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I would expect Obsidian to use prop placement in NV, whether we call it 'environmental story-telling' or 'atmospheric enhancement.' As regards story-telling through dialogue and some narration, I'd like to see more, but I also see prop placement as a positive thing. I don't want the game to read like a book. I think the design team will have to be able to count on the imagination of the player somewhere along the line. Games (and even books, movies, etc.) are a cooperative effort between the person making the game and the person playing it. It will always fall on the player to use some imagination in order to complete the work. If you've established the story well enough, then judicious use of prop placement will undoubtedly encourage the player to invest more in the partnership.

 

In fact, the player already uses props from the environment to discern part of the story, right? I mean, the fact that he's in a vault is apparent from the dialogue, sure. ...But imagine the dialogue is missing. The deck, bulkhead, and overhead are all smooth metal and clean. The technology is clearly advanced. The player and NPCs wear jumpsuits all made from the same material and sporting the same number. These props all help the player feel like part of the story.

 

On the other hand, text limits imagination. When the design team uses text, in any way, they've effectively defined something. The result is that the player's imagination can no longer roam free. Now there is no question as to the nature of the item and the player's imagination is now confined to what that item does in the story. For example, if the player had no text, he might believe that the areas he sees in the vault might be part of a vault, but he might as easily imagine that he's seeing the deck of a ship or even some sort of spacecraft. Explicitly telling the player that it's a vault cuts off further speculation about the environment.

 

Using props is a great way to empower the player. It adds unresolved mystery to the game and gives the player a lot of room to let his imagination wander. Since it's not part of any specific story, the designer doesn't even take a hit for the fact that the mystery remains unresolved. Finally, the fact that the player is exercising his imagination encourages him to use his imagination to help complete the text-based story.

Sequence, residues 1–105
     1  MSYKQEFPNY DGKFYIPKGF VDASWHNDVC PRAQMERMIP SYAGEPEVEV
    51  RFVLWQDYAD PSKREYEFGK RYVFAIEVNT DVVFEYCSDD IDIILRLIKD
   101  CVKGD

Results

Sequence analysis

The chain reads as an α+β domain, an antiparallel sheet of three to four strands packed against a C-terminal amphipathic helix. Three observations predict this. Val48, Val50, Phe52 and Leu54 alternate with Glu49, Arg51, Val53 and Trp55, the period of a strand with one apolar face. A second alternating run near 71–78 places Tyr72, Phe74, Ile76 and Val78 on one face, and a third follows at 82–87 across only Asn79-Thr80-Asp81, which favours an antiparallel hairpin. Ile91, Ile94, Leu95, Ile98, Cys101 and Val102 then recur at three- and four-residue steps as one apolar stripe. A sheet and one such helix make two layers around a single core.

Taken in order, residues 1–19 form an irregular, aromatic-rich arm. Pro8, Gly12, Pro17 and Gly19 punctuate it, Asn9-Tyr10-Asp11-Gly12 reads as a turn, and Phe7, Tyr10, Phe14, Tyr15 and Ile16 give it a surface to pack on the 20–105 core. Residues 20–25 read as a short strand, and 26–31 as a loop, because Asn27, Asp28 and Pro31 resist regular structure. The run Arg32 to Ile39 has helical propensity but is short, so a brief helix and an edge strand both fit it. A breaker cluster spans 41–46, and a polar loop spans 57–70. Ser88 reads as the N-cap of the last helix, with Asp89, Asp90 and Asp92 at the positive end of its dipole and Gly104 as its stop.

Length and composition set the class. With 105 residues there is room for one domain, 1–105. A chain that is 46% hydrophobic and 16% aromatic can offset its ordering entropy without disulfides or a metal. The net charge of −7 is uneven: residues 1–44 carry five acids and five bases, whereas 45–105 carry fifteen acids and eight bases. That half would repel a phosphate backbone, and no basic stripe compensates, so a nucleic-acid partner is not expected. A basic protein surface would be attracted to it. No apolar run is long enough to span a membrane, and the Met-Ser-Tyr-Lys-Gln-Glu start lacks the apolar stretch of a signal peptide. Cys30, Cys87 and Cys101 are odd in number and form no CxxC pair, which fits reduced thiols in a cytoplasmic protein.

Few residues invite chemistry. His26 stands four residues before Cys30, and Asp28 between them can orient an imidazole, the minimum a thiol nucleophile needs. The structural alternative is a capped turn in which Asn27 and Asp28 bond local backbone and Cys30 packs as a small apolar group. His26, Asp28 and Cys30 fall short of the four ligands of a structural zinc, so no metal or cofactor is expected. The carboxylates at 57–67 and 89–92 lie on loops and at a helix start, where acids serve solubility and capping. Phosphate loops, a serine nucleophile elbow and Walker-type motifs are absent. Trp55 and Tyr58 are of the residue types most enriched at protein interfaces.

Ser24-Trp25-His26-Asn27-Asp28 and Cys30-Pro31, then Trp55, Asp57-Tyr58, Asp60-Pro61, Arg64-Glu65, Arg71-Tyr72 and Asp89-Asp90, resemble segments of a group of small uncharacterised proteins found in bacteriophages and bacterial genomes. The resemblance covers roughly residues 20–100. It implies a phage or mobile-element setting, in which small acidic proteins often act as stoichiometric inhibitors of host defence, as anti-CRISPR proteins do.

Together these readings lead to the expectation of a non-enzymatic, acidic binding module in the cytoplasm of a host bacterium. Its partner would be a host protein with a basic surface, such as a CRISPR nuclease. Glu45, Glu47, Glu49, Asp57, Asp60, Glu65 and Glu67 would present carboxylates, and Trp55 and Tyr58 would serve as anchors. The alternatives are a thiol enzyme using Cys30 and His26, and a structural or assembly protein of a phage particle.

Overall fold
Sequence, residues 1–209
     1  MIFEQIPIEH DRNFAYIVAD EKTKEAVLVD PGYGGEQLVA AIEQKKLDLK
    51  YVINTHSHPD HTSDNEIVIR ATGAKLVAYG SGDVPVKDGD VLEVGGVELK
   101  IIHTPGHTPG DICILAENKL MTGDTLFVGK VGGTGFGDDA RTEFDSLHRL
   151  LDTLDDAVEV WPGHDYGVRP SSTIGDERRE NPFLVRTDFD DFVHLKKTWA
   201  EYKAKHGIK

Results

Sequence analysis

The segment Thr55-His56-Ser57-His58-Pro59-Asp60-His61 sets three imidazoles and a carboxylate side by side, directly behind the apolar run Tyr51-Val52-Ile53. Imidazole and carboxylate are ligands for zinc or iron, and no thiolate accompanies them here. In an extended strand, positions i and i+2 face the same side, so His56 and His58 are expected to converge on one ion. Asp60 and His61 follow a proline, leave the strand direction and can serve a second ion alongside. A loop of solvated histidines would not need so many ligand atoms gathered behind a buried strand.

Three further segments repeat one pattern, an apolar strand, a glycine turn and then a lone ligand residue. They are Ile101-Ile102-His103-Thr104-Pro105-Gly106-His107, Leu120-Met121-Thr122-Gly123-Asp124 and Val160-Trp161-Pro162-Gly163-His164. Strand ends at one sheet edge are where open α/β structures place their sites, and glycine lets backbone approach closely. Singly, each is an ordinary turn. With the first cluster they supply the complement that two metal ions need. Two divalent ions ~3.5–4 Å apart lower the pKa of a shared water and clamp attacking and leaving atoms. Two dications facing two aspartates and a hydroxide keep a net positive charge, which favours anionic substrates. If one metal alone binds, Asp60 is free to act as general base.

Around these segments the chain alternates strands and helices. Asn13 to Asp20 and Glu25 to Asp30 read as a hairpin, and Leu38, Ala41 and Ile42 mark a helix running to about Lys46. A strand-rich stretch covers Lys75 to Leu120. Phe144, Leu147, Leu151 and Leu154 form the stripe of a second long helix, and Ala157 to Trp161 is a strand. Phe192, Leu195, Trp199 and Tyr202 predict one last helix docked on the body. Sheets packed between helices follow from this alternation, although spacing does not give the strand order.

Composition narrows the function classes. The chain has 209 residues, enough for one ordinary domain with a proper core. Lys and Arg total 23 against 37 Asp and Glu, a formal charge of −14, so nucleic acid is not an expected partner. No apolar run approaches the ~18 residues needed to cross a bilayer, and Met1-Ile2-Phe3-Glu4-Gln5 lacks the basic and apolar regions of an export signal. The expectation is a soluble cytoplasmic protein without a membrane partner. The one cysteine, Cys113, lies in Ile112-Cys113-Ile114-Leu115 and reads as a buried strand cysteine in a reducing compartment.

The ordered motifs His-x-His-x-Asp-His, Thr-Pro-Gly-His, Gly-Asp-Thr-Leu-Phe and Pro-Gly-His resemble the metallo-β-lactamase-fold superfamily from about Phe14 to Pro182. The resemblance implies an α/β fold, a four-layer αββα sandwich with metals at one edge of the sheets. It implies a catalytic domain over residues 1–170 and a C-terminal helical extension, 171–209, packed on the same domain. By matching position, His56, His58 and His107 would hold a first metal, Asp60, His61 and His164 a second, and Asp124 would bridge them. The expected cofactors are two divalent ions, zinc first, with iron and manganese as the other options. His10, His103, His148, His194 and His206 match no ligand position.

Now, I don't think these environmental vignettes can take the place of the actual story itself. I also agree that the area where FO3 could use the most improvement is in the story-telling and, like twinkie says, prop placement cannot replace a compelling plot. Enhance it? Sure. Replace it? No. Let the player's imagination roam, but keep it on a leash.

 

Reading over this, it sounds more didactic than I had intended. :)

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I just remembered Morrowind and the amount of stuff you could do there and the amount of storytelling... damn awesome. Shame Fo3 isn't even remotely as expansive, coherent and rich.

 

Heh, Morrowind's storytelling was so "rich" that I never finished the main plot. Something about having to walk all the way across the map for a brief text conversation, then go all the way back for the next one.

 

More on-topic, I think cleverly placed remains etc., unless they are part of a plot that involves the player, are just a gimmick. I wouldn't call their existence *bad*, but they are no substitute for stories that give the player an impact on the world.

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I also see prop placement as a positive thing. I don't want the game to read like a book.

 

same here. i'm just saying it can't simply be used to justify a lack of traditional storytelling everywhere else.

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On the other hand, text limits imagination. When the design team uses text, in any way, they've effectively defined something. The result is that the player's imagination can no longer roam free. Now there is no question as to the nature of the item and the player's imagination is now confined to what that item does in the story. For example, if the player had no text, he might believe that the areas he sees in the vault might be part of a vault, but he might as easily imagine that he's seeing the deck of a ship or even some sort of spacecraft. Explicitly telling the player that it's a vault cuts off further speculation about the environment.

Heh... A gymnast in zero gravity has the ultimate freedom of movement but to what ends(?), while a gymnast constrained to a floor can use it as a launching point for some incredible leaps of logic & imagination.

 

Text is unmatched in any day and age ~provided the author is a good one. :)

Edited by Gizmo

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Text is the difference between sleeping alone on a mattress and never being alone and generic stained mattress model #3.

 

Although it's interesting to see the difference on the forums between the way people who appreciate text use it and those who don't.

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Please do try not to bait one another or avoid the language filter ... play nice in the sandbox please.


The universe is change;
your life is what our thoughts make it
- Marcus Aurelius (161)

:dragon:

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i wasn't avoiding the language filter. i use that word at every forum i'm at, regardless of language filters. it's Irish slang. but if it floats your boat, go ahead and pretend it's something else.

 

*shrugs*